I believe the goal of parenting has to be more than “a good kid.”
In December in Illinois, if you find a day that’s above 42 degrees you take every opportunity to be outside. We all know “Winter is coming.”
My wife and I took a walk around our neighborhood, checking on the new homes for sale. Some folks have added giant Santa inflatables that rise to the gutters of their homes. Santa at that height seems rather intimidating.
We talked about life, our work, and our families. I bounced ideas for writing off of her, she talked about the things we need to do next in the week. These walks are always cherished moments for me.
We were talking about our daughter when I heard myself say, “She’s a good kid.” Granted, there’s nothing wrong with having a good kid. No one really nods and says “He’s a little scoundrel” with a look of pride on their face. That is the point I want to make, of course:
The idea of being “good” is not a healthy target.
I’ve heard evangelical pastors and teachers in the past drive home the point that “None of us is good enough to deserve heaven” or some variation of the point. Theologically, this is supposed to highlight the importance of grace.
So why do we continue to try and raise “good” kids?
As parents, we wear a lot of hats. We are expected to be sociologists (what are your friends doing?) and psychologists (what do you think you’re doing?). Our role verges into economics (that’s a waste of your money) and politics (you can’t talk to your friends like that or you won’t have any). Parents are dieticians, transportation officers, fashion designers, and supply chain managers.
Let me add one duty that we often forget:
Parents are spiritual directors.
Many of us who are parents are chasing after spiritual formation. Spiritual formation is the whole life transformation of our will and actions towards the example of Jesus. I typically say it’s learning to be like Jesus in the skin we’re in.
When it comes to our parenting then, we are helping guide and direct our kids towards that kind of life. We are not controlling a product, such as making them good people. Parenting is not guilting them to keep the rules and regulations so that they will be acceptable to us – and by default, to God.
A good spiritual director is all about creating environments where people can listen to God, themselves, and their lives on the journey of formation.
When we create an environment where we and God are interested in them being good, what we are doing is setting an outward expectation. They could be good on the outside and rot on the inside, a reality that Jesus often points out.
But then what happens when they don’t do good?
When we try to raise good kids, and they stumble and fail (which is inevitable), there is more at stake than just their behavior and the consequences.
“Good” kids who stumble don’t just lose their way, they lose their identity.
Our job as parents then is to help facilitate the formation of our kids around some key ideas. We form them to know that when God looks at them, he sees them as “very good” (Gen. 1:26) and he will never change his mind about that. Period.Parents direct their kids not to find their identity in what they do, but to do what they do from the place of their identity. In Exodus, God begins the Ten Commandments by telling Israel “this is who I am, and this is who you are.” (20:1)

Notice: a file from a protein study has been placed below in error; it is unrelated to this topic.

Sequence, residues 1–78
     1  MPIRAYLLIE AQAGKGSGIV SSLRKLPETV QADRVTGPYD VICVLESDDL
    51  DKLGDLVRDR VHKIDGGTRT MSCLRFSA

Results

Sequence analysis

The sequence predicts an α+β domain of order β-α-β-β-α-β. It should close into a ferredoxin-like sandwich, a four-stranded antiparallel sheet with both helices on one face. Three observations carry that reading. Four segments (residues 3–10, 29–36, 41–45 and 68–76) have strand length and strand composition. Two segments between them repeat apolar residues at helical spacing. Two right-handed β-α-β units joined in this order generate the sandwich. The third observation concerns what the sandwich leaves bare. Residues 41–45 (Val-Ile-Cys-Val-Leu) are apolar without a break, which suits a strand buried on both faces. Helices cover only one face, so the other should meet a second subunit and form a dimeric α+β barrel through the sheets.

Before God ever says, “Thou shall/shall not” he says “Thou art.”
As parents, we move our kids towards Jesus so that what is true of him might become true of them. They can share in the identity of being “beloved children” of God (1 John 3:1) in whom He is “well pleased.” (Matthew 3:17)
What we are given to do as parents is not to raise good kids, but to raise kids grounded in their identity in the eyes of God.
How do we change our parenting strategy?
To begin moving away from trying to raise good kids and instead raise grounded kids, I think there are two simple steps.
Monitor what we praise.
Our kids respond best to what we celebrate. Of course, we need to celebrate the behavior and actions that are healthy and constructive. The shift to raising grounded kids requires that we celebrate the values and character moments more frequently than the good deeds.
One way to do this is to blessour kids’ character. We say things like, “That was a good way to handle that situation” or “I love your attitude towards this person/situation.” We can also challenge our kids with a new trajectory by saying “I love what I see you becoming in your attitude and the way you’re thinking things through.”
When we start praising the character things and reminding our kids of their identity, they will grow into a values-focus rather than a task-focus.
Correct based on identity.
In our house when my daughter struggles or stumbles we say, “This isn’t who you are, you know?” Or, “You know none of this affects our love for you, right?”
When we correct, we create an environment for both understanding as well as learning. Our kids don’t want to be “bad” so they’ll hide failures instead of embracing and learning from them.
When we correct by identity, we give our kids the confidence to know that failure doesn’t threaten who they are. From that foundation, they can learn to act and respond differently.
Of course, this isn’t an easy journey but the life of formation and grace rarely is. We as a family have found more life and light in this path than the others we’ve seen.
May we as parents know our own identity as beloved children of God. Let us then pass that formational inheritance on to our children. And one day as we take a long walk, may we say: “He/she is a grounded kid.”